How To's | Screenwriting

Book Review: ‘How to Write High Structure, High Concept Movies’

1 Aug , 2001  

Written by Peter Bohush | Posted by:

Rob Tobin's new book is a must-read guide to writing high concept, structurally foolproof screenplays.

I used to maintain that a book about writing made as much sense as a car about driving. With Rob Tobin’s book "How To Write High Structure, High Concept Movies," I will make an exception because this is an exceptional book.

The book is exactly what the title states: a step-by-step manual on how to write structurally sound, high-concept, "formulaic" screenplays.

Rob Tobin has read more than 5,000 scripts as a script reader, development exec, and script doctor for some big names in Hollywood: Freddie Fields ("Glory"), Stephen Cannell ("The A-Team"), Joe Singer ("Dr. Doolittle"), and Bill Carraro ("Frequency"). He is also former writing coach and VP of development for The Writers’ Boot Camp.

As his basic premise, Tobin contends, "…bad films aren’t formulaic — and that’s the problem!" If more screenplays adhered to the basics covered in this book, they would spot the problems and be able to correct them before turning the script into an awful film.

Tobin does concede that some really terrible scripts become highly successful movies. A case in point is "Titanic," which set box office records and earned 11 Oscars — though its screenplay wasn’t even nominated. Still, the odds are that bad scripts will become bad movies, if they even get made at all. To improve your odds of writing a good script that might become a good movie, follow Tobin’s guidelines.

Tobin doesn’t contradict the how-to’s of other writing coaches such as Syd Fields. The three-act structure is followed. But Tobin breaks the acts down further into structural beats tied to the actions of the characters in their quests to overcome their flaws in the face of some life-changing event. He helps writers identify the script’s objective and subjective storylines. The objective storyline is the backdrop against which the hero’s story plays — the Japanese invasion and subsequent war in Pearl Harbor. The subjective storyline is the hero’s story — battling the opponent to overcome his/her character flaw.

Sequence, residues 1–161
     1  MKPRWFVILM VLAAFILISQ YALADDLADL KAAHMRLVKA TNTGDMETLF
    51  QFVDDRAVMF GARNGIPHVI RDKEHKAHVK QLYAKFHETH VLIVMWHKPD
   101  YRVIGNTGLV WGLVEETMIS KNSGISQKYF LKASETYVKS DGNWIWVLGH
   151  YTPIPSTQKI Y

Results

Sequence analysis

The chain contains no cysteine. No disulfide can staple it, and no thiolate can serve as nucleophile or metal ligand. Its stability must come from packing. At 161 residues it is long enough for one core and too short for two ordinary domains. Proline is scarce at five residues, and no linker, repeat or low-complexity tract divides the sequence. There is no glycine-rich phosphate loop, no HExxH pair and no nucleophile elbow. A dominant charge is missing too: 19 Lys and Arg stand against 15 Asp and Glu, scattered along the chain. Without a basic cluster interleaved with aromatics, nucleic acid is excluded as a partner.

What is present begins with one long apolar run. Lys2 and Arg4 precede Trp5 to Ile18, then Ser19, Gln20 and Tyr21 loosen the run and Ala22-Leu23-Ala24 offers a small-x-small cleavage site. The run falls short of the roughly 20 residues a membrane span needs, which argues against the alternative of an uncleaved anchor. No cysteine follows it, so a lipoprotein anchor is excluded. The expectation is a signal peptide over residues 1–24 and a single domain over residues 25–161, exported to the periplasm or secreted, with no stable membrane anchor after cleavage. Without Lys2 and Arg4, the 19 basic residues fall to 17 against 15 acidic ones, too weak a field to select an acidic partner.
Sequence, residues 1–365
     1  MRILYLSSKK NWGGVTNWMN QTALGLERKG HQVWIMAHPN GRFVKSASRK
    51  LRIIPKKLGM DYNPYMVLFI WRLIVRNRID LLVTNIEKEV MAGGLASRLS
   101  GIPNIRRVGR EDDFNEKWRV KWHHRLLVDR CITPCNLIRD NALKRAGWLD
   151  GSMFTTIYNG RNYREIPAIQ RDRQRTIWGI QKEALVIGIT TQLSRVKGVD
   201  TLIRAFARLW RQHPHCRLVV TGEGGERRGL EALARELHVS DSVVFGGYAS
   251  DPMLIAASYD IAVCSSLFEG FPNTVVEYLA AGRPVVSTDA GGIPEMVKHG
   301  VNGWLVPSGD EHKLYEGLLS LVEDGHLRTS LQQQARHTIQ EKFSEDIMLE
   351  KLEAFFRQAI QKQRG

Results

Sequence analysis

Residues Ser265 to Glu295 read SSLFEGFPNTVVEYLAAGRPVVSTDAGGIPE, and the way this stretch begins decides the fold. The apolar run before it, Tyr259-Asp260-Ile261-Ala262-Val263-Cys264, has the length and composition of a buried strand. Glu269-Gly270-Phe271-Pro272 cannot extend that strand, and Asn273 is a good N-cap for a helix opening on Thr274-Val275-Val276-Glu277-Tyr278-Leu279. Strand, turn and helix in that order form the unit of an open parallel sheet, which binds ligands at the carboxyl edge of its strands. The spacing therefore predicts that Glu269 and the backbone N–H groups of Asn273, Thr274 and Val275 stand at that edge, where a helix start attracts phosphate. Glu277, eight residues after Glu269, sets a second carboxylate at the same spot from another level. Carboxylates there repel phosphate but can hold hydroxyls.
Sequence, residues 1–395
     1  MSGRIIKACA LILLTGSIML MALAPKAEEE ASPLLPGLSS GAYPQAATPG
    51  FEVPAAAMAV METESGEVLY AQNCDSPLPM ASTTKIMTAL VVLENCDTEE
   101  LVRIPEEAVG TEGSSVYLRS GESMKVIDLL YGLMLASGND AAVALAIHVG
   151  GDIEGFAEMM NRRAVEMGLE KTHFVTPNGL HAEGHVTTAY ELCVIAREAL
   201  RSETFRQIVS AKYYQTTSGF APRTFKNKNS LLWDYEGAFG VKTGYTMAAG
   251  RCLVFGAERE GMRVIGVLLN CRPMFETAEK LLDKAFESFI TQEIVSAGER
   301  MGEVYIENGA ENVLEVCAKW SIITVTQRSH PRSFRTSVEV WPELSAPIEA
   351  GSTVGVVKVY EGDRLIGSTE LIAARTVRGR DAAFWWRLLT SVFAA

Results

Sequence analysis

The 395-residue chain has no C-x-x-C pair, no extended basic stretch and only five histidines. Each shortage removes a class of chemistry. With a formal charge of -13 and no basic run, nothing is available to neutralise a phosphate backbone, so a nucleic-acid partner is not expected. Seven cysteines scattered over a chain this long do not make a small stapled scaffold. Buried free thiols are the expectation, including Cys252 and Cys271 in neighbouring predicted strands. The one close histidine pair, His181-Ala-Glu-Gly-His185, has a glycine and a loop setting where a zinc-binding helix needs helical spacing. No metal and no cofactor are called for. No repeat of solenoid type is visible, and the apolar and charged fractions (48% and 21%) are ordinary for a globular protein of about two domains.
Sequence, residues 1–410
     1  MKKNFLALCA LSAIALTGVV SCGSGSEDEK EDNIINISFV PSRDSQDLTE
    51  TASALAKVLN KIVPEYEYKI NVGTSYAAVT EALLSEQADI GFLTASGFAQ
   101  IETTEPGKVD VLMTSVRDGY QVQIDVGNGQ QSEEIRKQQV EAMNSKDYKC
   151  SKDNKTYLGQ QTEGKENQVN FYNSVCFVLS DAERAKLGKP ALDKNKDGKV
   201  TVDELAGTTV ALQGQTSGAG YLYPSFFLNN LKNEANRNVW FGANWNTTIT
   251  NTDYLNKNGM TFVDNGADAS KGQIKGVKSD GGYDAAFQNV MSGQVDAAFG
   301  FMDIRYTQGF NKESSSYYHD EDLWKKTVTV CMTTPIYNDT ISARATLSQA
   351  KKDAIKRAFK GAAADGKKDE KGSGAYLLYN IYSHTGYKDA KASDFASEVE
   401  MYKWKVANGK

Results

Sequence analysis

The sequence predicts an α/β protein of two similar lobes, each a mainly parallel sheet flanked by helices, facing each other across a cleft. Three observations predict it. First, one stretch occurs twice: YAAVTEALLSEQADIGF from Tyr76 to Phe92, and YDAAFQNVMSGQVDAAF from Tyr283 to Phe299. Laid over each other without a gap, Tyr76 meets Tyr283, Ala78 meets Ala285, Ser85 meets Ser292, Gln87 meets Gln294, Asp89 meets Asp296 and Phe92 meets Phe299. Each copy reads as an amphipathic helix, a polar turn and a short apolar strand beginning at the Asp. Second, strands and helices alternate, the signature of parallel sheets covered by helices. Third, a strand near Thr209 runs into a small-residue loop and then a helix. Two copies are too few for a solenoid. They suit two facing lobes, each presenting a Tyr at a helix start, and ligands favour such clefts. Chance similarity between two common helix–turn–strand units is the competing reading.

Seven Script Elements

According to Tobin’s book, a well-written screenplay consists of seven basic elements:

  1. A hero — the person through whose eyes we see the story unfold, set against a larger background.
  2. The hero’s character flaw –a weakness or defense mechanism that hinders the hero in such a way as to render him/her incomplete.
  3. Enabling circumstances — the surroundings the hero is in at the beginning of the story, which allow the hero to maintain his/her character flaw.
  4. An opponent — someone who opposes the hero in getting or doing what he/she wants. Not always a villain. For example, in a romantic comedy, the opponent could be the man or woman whom the hero seeks romance with. The opponent is the person who instigates the life-changing event.
  5. The hero’s ally — the person who spends the most onscreen time with the hero and who helps the hero overcome his/her character flaw.
  6. The life-changing event, a challenge, threat or opportunity occurring at the end of Act I, usually instigated by the opponent, which forces the hero to respond in some way that’s related to the hero’s flaw.
  7. Jeopardy — the high stakes that the hero must risk to overcome his/her flaw. These are the dramatic events that lend excitement and challenge to the quest.

The book takes frequent opportunities to ask the reader to stop and assess their own scripts. This workbook approach provides a great way for the readers to begin improving their scripts while still reading the book.

The only drawback here is that the first few breaks may cause some writers to scream into the night as they realize how far from perfect their scripts are. Fear not, screaming scribes, for Tobin will help you uncover the painless process of making your script better.

The Dreaded Log Line

Perhaps the greatest challenge to screenwriters is the log line, or the one paragraph summary of the script that is often the sole basis for its consideration by Hollywood producers. But beneath the sales aspect of a log line, it is also used to determine if your story is, in fact, a solid screenplay worthy of becoming a movie.

As Tobin writes, "Log Lines are used not only to pitch a project to producers, execs or agents, but also to encapsulate the story in such a way so as to ensure that it is structurally sound. There’s an old saying in Hollywood: if you can’t describe your story in a sentence, there’s something wrong with the story."

Valid log lines include:

  • Hero
  • Opponent
  • Hero’s Ally
  • Character Flaw
  • Life-changing Event
  • Implied Journey or Inner Battle

Take "Casablanca" as an example: A jaded (flaw) WWII casino owner (hero) in Nazi-occupied Morocco sees his former lover (opponent) arrive (life-changing event), accompanied by her husband (ally) whose heroism forces the hero to choose between his cynicism, his feeling for his ex-lover, and his once-strong feelings of patriotism (battle).


If you have written a screenplay, or 20 screenplays, but have yet to have one purchased and made into a movie (and I don’t mean making it yourself), chances are your scripts are not following the accepted but heretofore, mysterious Hollywood script formula.

Rob Tobin takes the mystery out writing and analyzing scripts, and makes formulaic a good word again. After all, if you were given the formula for eternal life, wouldn’t you follow the formula to the letter?

Rob Tobin’s book, " How To Write High Structure, High Concept Movies," will help you spin your straw stories into golden screenplays.